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British rock lost one of its finest and most discreet stylists today, with the sad news of Richard Wright’s death. A founder member of Pink Floyd, Wright always stayed scrupulously clear of the spotlight. But his stately keyboard playing added immeasurably to the cosmic grandeur of the band, and his vocal and songwriting collaborations were a critical part of Floyd’s pervasive appeal.
Indeed, it’s a mark of Wright’s discretion that the major battle in Pink Floyd is usually perceived as being between Dave Gilmour and Roger Waters. Wright was actually forced to resign from the band during the recording of The Wall, as his relationship with Waters went awry. He did, however, continue to tour with the band as a hired hand rather than a full-time member.
When Waters left the band, Wright officially rejoined Pink Floyd, and by the time of 1994’s The Division Bell, he was a major contributor alongside Gilmour, co-writing five songs and singing lead on one (“Wearing The Inside Out”).
Wright’s return to prominence within the band on their last album provided a neat career arc. He had, after all, been a huge presence in Pink Floyd from their birth, second only to Syd Barrett as a creative force in their earliest days. He sang lead on “Astronomy Domine” and “Matilda Mother”.
By “The Dark Side Of The Moon”, Wright flourished in his role of musical facilitator for some of the band’s more audacious ideas. Amongst his major songwriting contributions, “The Great Gig In The Sky” and “Us And Them” are obvious stand-outs.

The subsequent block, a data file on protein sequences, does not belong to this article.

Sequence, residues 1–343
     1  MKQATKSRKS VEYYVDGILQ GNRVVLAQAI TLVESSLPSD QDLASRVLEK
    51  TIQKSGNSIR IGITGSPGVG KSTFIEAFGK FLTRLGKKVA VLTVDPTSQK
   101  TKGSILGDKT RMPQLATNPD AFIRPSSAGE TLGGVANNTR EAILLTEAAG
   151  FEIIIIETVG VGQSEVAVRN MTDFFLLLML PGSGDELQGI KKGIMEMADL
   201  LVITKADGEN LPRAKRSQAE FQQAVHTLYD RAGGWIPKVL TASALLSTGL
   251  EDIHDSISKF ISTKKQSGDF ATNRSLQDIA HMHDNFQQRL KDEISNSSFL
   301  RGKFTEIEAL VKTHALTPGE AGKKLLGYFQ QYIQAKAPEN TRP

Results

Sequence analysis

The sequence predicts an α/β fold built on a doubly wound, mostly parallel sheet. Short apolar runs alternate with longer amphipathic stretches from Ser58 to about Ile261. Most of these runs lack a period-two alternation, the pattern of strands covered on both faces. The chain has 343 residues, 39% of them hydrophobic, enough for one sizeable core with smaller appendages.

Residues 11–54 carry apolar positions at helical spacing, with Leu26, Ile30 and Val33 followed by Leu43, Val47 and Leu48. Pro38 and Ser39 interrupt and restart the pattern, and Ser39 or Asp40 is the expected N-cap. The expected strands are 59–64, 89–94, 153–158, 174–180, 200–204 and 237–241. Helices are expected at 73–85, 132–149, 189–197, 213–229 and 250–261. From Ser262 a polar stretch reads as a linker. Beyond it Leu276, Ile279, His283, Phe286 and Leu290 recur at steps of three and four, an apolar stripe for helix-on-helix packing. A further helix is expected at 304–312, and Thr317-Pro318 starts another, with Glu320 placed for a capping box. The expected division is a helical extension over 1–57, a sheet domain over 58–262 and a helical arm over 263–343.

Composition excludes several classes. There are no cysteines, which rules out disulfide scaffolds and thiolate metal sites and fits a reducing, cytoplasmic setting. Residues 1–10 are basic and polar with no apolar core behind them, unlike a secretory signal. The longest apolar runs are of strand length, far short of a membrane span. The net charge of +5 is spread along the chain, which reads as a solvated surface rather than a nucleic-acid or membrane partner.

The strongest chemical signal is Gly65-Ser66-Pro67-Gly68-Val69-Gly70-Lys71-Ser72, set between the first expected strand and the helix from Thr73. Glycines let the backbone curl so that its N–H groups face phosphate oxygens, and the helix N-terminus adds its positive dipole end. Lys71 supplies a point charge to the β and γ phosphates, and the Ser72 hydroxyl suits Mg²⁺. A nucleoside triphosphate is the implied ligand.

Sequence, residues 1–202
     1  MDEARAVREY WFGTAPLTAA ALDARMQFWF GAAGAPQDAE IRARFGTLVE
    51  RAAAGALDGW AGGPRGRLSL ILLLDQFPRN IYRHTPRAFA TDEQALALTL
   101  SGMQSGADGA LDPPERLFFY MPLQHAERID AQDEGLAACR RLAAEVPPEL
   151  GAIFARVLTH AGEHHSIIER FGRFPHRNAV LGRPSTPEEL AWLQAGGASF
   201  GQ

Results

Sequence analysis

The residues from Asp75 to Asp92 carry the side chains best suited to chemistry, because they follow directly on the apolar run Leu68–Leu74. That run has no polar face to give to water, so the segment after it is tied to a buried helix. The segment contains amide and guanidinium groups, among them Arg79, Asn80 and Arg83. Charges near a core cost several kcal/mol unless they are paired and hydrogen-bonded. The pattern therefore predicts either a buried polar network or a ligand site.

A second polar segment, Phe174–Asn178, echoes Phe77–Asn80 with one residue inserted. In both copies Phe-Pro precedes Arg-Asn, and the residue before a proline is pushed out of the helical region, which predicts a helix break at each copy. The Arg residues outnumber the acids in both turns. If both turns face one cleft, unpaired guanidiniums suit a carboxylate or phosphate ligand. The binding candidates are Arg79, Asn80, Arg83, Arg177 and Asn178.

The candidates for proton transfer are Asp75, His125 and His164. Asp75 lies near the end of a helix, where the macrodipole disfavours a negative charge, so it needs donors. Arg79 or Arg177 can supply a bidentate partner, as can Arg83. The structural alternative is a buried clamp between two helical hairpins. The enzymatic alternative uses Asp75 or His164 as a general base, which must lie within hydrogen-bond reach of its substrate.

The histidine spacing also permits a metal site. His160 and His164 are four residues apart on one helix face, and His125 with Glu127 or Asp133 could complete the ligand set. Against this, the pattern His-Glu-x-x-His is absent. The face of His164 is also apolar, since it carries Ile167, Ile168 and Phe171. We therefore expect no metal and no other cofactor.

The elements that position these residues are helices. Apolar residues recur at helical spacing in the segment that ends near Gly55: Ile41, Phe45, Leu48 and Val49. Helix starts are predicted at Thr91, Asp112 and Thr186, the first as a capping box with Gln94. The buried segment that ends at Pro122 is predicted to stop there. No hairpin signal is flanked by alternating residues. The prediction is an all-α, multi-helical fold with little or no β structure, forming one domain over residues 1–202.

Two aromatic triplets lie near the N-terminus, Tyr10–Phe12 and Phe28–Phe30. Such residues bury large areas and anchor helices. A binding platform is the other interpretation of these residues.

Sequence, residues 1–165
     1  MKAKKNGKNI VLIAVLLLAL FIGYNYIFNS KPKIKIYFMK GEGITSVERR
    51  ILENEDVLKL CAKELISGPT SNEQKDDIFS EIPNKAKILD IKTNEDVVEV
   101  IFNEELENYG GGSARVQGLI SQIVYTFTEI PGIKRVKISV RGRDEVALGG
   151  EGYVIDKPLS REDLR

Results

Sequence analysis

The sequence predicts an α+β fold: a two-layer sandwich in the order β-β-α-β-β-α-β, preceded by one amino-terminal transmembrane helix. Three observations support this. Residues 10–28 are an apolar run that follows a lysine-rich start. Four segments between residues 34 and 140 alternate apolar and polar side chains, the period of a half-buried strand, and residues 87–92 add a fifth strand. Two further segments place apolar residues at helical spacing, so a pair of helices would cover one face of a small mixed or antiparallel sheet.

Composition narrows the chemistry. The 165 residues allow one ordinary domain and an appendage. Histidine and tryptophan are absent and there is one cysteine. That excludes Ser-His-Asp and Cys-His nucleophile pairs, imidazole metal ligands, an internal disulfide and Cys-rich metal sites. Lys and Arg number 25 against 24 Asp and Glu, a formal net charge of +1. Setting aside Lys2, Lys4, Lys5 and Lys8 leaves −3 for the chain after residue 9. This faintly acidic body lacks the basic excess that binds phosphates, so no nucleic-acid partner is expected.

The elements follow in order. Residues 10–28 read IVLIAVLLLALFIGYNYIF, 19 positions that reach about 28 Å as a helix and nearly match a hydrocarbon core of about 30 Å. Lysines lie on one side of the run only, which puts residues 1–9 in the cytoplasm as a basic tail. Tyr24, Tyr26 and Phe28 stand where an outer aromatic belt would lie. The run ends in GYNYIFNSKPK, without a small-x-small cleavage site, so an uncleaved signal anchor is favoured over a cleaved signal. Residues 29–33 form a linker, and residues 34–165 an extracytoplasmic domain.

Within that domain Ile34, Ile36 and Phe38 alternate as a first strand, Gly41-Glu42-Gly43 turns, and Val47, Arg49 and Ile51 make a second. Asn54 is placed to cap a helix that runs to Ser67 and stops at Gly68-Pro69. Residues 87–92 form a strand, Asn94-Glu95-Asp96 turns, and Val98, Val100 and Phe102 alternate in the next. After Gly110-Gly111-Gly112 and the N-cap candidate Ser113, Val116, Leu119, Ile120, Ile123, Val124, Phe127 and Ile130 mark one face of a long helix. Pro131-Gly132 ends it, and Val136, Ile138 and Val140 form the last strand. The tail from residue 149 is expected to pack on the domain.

Wright also recorded two solo albums,“Wet Dream” (1978) and “Broken China” (1996). He was also briefly part of Zee, a duo with Fashion’s Dave Harris, in the mid-‘80s.
In recent years, he appeared to be firmly part of Dave Gilmour’s camp. While Nick Mason collaborated with both Gilmour and Roger Waters, Wright opted to stay with the guitarist, appearing on his recent “On An Island” and refusing to join Waters and Mason on their tour of “Dark Side. . .”. Like Gilmour, he showed little interest in pursuing a Pink Floyd reunion after the Live 8 show.
Wright was 65 when he died on September 15, 2008, following a battle with cancer. His spokesman said, “The family of Richard Wright, founder member of Pink Floyd, announce with great sadness that Richard died today after a short struggle with cancer. The family have asked that their privacy is respected at this difficult time.”
If you have any memories of Richard or have something you’d like to say about him and his music, email Uncut Editor firstname.lastname@example.org
Pic credit: PA Photos